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Strand Businesses Lose Most at Special Events
by David Stanowski
19 February 2008

This article originally appeared in the Galveston County Daily News on 19 February 2008. The text version of the article appears below. 

Strand Businesses Lose Most at Special Events

There are three groups who have a stake in how special events are staged in downtown Galveston: residents, City government, and downtown merchants.

Many residents have a definite opinion on how events should be managed based solely on their personal preferences, because they have no money at risk in the outcome. The City has its own set of criteria such as security, minimizing their expenses, and maximizing earnings for City employees.

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Even though the City owns the streets and sidewalks, it is the businesses that line them that make downtown Galveston a desirable location for special events. What is often lost in this process is the fact that this is how downtown merchants earn their livings, which should give them the most prominent voice in how these events are staged, because the events have a major impact on how they can operate.

It was easy for a resident to go downtown during the recent Mardi Gras, and draw the conclusion that it was a “big success”, because they see thousands of people in the streets having fun catching beads. But in what sense are large crowds catching beads an accurate measure of success? Likewise, the City government can point to a lower number of arrests, and/or below-budgeted costs as evidence that the event was a success, but what about the merchants?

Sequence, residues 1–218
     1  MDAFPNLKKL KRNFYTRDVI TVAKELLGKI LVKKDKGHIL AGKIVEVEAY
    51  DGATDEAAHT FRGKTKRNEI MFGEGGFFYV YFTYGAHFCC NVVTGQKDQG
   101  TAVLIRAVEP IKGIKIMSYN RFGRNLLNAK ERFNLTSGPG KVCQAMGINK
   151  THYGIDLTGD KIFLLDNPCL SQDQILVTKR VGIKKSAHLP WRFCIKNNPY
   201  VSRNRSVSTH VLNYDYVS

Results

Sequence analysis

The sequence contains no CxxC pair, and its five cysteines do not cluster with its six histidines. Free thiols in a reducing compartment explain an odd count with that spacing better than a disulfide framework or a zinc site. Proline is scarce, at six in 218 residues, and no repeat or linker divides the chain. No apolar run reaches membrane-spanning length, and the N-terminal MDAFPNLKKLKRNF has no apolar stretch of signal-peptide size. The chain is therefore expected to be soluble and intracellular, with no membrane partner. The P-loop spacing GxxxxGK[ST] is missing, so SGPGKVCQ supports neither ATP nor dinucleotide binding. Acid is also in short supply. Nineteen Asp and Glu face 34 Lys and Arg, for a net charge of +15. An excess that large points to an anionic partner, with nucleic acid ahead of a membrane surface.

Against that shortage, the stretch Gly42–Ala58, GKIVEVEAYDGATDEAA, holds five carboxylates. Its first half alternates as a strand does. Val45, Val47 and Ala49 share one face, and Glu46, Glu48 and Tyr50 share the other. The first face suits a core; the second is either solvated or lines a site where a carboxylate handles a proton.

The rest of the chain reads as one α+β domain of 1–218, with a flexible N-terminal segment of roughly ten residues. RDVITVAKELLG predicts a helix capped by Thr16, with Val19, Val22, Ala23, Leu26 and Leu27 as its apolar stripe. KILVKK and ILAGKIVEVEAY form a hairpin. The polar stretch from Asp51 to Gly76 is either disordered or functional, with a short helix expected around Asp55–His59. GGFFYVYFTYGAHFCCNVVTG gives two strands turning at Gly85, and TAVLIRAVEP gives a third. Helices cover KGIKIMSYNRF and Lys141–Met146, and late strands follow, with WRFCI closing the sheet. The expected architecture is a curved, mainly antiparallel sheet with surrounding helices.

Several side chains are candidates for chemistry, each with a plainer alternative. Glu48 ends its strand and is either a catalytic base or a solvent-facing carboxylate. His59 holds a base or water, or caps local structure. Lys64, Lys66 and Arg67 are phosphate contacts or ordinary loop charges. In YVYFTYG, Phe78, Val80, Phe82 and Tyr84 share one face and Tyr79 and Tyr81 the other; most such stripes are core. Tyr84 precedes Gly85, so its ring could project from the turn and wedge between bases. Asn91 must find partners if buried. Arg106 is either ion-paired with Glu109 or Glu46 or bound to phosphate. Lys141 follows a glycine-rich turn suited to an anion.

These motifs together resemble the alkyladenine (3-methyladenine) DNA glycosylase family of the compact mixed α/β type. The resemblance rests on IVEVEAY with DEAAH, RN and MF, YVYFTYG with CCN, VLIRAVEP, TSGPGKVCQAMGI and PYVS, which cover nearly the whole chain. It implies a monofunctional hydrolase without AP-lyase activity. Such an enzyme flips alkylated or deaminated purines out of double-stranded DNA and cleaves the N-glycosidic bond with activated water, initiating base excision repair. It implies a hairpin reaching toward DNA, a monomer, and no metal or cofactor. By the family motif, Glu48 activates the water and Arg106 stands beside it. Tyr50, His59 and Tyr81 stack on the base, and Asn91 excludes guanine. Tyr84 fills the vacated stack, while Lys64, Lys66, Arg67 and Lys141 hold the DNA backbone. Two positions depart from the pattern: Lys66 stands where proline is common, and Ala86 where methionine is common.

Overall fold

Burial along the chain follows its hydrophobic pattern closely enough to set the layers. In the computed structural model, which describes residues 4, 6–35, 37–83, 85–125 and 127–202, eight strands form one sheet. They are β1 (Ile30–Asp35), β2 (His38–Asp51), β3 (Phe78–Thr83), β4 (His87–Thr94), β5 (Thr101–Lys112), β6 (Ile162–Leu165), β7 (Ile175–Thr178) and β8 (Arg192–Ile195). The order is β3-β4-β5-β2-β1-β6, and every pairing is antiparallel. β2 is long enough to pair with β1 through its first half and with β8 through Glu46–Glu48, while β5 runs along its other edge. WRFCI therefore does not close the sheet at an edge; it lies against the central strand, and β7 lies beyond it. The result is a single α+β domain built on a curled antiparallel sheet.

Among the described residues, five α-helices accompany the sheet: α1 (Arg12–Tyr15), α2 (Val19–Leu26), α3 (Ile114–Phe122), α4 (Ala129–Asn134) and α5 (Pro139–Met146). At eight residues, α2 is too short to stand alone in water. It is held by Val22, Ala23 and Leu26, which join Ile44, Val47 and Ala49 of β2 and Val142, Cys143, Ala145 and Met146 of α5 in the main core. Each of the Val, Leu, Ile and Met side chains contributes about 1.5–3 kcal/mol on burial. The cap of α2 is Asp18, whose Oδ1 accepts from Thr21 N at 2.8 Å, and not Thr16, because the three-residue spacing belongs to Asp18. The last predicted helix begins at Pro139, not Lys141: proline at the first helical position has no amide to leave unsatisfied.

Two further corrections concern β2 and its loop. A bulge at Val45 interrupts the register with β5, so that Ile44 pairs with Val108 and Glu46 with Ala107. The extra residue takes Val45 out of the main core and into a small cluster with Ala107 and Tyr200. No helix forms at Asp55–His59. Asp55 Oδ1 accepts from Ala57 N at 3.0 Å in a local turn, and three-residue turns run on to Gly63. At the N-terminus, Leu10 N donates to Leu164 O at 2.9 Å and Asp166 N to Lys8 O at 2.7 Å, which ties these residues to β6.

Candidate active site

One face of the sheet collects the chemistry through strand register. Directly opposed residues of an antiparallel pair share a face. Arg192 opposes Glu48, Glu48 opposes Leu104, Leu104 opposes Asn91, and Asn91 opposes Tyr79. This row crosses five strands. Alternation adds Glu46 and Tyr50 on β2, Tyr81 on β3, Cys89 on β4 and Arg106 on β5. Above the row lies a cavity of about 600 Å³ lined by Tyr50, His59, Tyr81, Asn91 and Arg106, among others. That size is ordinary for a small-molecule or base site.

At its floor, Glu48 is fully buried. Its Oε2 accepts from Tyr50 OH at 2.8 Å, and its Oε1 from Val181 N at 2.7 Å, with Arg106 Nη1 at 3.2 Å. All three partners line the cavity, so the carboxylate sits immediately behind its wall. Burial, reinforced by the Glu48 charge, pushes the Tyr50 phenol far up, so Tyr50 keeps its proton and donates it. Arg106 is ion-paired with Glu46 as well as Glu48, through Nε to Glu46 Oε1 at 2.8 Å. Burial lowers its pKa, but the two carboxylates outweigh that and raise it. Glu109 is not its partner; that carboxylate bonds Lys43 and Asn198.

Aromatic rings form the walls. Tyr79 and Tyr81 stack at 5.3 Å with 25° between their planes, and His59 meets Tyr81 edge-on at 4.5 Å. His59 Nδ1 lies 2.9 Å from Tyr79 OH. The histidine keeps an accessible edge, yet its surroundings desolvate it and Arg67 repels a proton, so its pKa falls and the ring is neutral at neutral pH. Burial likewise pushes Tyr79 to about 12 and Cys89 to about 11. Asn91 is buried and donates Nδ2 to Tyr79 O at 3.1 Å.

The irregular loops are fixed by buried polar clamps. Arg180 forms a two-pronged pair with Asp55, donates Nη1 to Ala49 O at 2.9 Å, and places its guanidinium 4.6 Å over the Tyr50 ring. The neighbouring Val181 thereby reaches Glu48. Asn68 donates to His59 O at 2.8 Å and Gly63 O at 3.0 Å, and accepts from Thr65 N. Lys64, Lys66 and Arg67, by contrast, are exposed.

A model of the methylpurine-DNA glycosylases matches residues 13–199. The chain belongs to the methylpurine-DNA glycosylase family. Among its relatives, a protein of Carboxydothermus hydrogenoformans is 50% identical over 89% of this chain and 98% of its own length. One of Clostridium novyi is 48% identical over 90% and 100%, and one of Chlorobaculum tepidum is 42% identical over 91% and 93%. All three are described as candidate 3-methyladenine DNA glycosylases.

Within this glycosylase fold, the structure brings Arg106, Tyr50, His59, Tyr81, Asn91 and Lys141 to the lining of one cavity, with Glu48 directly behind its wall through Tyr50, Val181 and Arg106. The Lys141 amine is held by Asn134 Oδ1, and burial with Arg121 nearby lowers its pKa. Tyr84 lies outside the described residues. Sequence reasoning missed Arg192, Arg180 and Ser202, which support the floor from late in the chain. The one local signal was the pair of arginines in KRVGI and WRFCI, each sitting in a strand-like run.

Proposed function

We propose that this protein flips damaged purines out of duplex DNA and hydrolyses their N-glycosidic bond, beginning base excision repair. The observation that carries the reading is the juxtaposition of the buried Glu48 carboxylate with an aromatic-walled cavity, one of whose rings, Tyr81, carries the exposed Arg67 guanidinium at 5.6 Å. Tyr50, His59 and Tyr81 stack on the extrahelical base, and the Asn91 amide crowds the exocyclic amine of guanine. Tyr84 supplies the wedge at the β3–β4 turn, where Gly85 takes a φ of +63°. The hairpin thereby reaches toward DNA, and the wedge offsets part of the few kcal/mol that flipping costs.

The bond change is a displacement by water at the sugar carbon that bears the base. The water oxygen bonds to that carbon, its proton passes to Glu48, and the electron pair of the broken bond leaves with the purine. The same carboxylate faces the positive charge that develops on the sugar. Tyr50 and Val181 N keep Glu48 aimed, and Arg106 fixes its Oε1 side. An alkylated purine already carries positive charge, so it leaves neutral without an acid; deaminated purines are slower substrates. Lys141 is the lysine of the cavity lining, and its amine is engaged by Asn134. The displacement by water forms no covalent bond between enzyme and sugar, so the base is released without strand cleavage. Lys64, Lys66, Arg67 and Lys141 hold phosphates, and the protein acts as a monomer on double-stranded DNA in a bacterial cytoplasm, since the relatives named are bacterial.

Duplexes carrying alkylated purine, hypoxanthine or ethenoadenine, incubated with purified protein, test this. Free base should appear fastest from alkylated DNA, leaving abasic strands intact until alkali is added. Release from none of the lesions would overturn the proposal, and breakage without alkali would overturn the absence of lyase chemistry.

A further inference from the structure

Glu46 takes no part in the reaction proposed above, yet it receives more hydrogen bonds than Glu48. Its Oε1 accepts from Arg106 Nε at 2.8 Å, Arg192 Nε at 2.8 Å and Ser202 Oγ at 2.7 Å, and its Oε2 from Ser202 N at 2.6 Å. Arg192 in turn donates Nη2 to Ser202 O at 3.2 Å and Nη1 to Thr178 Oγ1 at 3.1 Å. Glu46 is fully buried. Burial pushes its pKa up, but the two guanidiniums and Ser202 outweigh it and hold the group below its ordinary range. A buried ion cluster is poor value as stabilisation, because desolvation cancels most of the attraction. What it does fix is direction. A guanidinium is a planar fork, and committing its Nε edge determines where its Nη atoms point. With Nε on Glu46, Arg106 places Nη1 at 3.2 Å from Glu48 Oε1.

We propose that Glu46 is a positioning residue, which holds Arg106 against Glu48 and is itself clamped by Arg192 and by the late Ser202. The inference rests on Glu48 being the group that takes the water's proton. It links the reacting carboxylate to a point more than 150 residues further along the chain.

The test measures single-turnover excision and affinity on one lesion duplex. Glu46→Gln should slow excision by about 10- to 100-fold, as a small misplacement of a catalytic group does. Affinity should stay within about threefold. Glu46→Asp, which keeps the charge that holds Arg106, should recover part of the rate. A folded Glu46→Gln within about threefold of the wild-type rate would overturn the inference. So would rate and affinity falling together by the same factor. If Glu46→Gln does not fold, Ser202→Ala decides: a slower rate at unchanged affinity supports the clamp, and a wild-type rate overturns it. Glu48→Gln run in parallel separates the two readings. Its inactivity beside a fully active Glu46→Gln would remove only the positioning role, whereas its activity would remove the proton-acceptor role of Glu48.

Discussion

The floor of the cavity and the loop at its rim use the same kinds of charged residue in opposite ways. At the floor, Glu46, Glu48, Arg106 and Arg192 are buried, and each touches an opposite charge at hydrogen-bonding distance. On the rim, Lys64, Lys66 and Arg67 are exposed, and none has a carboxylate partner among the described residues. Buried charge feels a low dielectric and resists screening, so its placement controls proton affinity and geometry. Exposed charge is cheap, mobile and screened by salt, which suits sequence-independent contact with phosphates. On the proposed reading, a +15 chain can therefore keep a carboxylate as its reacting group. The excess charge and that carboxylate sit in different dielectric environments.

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Since many business owners see sales drop, during special events, it is difficult to see how these merchants would rate them as a success. But does anybody care about the impact of special events on downtown businesses? Apparently not, but everyone should care for two reasons.

First, it is just bad manners not to. How would the residents of Galveston like it if someone commandeered the street, where they live, to stage special events, and set the terms and conditions without their consent and approval? In addition, the effect of an event in a residential area would primarily be the inconvenience to everyone’s personal activities; not the loss of income.

Secondly, the way events have been staged is potentially unlawful! There is a "minor technicality" in the 5th Amendment called the “Takings Clause”. It says that if the government “takes away” someone's property, for the good of the community, the government must compensate them for their loss. In this case, the government temporarily "takes" the use of downtown property, so they should be reimbursing business owners for any lost revenue.

Sooner or later, downtown businesses are going to start demanding "just compensation" for their losses. This will have a negative impact on the City treasury, which is why it is time to consider a better alternative.

If special events are managed with the full consent and approval of downtown merchants, then the City will no longer face potential liability, under the Takings Clause. This could be accomplished by allowing the Historic Downtown Galveston Partnership to define how these events should be staged.

Only after all of us remember and acknowledge that downtown buildings and businesses are privately owned can events be produced so that they respect the property rights of the merchants, which will then allow a truly accurate assessment of whether an event is successful.

Also see Who Really Owns The Strand?

For more information on the Galveston Economy: CLICK HERE


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